Improving mental health in the creative industries

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People in creative industries are more likely to suffer from greater mental health problems. Eigentlich, they’re three times more likely.

But why is the creative industry suffering from mental health problems? Surely the people working in artistic, creative environments are living the dream? For some, that may be the case, but often creative people are more empathetic and likely to be in touch with their feelings. Those susceptible to mental health problems may be more naturally drawn to creative roles.

It’s also perhaps naïve to suggest those working in creative industries always have “the dream job”. Artistic roles involve meeting tough deadlines, working long and often unsociable hours and (for freelancers in particular) uncertainty around where the next job is coming from. It’s a high-pressured industry, yet people are still concerned that opening up and talking about their experiences may have a detrimental impact on their career.

Talking… and listening

Vocalising concerns and anxieties is the first step towards seeking help to improve your mental health.

For freelance creatives, feeling isolated is a major barrier to talking about mental health problems. Research networking events or online social groups for other people in your industry, so you can share ideas and discuss your struggles or anxieties. If you are struggling with your mental health, don’t be afraid to ask for advice or resources that may help. Other people will undoubtedly be in the same boat, and will be able to signpost you to websites or support networks that helped them.

It’s also helpful to practice active listening when someone else is discussing an important or personal topic. This is to ensure information is not missed, and the person talking feels respected. Pay very close attention to what the other person is saying, trying hard not to become distracted or lose focus. Repeat and summarise key points of information back, and ask open ended questions to draw the conversation out further. It’s most important to remember not to interrupt.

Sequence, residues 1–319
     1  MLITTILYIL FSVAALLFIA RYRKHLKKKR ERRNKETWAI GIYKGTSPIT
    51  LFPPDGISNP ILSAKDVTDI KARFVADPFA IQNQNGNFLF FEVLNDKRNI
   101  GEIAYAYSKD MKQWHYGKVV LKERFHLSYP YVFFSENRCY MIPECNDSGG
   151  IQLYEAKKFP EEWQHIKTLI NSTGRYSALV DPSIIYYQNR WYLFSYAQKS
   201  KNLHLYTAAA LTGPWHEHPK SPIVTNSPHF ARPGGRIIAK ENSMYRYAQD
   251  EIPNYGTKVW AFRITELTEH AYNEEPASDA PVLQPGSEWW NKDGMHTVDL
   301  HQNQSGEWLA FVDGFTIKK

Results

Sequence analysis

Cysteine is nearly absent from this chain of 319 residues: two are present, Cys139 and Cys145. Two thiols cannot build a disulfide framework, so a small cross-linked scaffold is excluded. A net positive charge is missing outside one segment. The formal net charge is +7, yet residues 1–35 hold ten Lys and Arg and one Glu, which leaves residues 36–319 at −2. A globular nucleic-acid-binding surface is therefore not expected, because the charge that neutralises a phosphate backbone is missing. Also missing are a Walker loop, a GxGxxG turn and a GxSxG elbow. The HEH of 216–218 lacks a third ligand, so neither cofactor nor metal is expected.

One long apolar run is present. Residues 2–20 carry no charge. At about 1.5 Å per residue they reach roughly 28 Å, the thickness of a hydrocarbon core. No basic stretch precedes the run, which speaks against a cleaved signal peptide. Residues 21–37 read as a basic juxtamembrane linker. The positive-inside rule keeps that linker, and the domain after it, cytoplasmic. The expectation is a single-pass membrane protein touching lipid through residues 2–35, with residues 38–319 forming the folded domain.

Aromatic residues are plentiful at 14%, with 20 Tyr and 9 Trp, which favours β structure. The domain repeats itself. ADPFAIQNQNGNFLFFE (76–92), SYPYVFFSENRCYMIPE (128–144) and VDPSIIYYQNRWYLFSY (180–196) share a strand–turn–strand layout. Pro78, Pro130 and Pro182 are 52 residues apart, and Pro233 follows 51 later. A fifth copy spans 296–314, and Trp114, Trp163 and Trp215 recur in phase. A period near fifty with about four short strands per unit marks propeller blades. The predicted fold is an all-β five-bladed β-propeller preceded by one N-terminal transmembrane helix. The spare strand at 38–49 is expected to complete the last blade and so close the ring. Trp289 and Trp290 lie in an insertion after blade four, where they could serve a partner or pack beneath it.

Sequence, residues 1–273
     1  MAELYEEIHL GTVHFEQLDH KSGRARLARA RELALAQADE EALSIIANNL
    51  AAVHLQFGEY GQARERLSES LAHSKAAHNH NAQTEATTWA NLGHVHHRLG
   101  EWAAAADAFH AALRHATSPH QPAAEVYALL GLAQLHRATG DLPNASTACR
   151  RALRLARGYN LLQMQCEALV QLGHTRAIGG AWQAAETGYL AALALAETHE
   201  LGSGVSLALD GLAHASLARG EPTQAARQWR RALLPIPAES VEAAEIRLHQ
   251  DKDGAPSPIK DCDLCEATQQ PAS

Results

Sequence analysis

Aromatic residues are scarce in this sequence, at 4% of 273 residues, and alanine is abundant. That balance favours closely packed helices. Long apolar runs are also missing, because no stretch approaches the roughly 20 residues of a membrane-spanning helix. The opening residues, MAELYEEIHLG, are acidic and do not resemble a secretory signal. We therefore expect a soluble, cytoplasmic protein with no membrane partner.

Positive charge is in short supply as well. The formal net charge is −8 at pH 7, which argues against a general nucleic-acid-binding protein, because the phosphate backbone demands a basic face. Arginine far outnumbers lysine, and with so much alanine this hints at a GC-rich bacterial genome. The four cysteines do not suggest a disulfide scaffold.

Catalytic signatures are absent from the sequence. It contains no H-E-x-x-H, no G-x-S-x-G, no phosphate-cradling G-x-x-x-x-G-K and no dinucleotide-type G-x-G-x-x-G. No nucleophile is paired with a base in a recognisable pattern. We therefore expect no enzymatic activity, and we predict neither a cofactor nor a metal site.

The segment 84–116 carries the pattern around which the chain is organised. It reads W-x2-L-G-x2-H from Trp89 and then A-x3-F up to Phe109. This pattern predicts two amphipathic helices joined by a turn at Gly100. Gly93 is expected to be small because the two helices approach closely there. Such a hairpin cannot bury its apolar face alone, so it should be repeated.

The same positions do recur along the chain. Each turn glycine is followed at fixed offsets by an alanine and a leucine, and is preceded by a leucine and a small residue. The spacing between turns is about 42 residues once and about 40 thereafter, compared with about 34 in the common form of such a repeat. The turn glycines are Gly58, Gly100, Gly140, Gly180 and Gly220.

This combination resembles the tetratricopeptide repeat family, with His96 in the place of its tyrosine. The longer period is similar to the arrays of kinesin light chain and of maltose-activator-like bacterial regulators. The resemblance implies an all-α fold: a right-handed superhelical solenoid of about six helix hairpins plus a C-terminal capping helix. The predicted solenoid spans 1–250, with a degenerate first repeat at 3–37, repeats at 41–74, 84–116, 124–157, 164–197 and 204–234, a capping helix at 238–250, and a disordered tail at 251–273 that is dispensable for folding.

Accessing mental health support

Creative people might be known for being outgoing and sociable, but that doesn’t always mean they’re happy to open up about their own struggles. There are plenty of great resources out there, including Theatre Means Business, digital health and wellbeing learning resources for people working in off-stage creative roles. ArtsMinds also provides invaluable resources for creative practitioners across various wellbeing pillars. Damit, whatever is triggering a potential mental health problem, you can find further advice and support to help you handle it.

Mental health post-COVID

Quite frankly we have no idea how the coronavirus pandemic will impact the creative industry in the short and long term. We don’t yet have the research and facts we need to in order to make a clear judgement as to how this will affect the mental health of our people.

Aber, chances are, the outlook won’t be great. The latest UK Creative Industries report suggests over 400,000 creative jobs within the UK could be lost. That’s one in five. The longer lockdown lasts, the worse the situation will be as theatres and other live entertainment venues continue to lose billions in revenue each week.

Supporting your team through this challenging period and beyond is key, particularly as the industry desperately awaits the green light to get back to work.

Your team may not be physically together, but you are still able to check in and support one another at a distance. Find out what your employees’ concerns are regarding returning to work, and what areas of wellbeing they would most like to find out more about. That way, when the time comes, you’re in the best possible position to help your team adjust and thrive when your doors reopen.

How we’re helping

Booking Protect has partnered with We Are Wellbeing to provide a free wellbeing package for new and existing customers. This will give employees within the creative industry the tools they need to look after their own wellbeing while the creative industry is still in lockdown.

The industry will bounce back. But while these challenging times continue it’s more important than ever to be aware of our mental health and the mental health of those around us.

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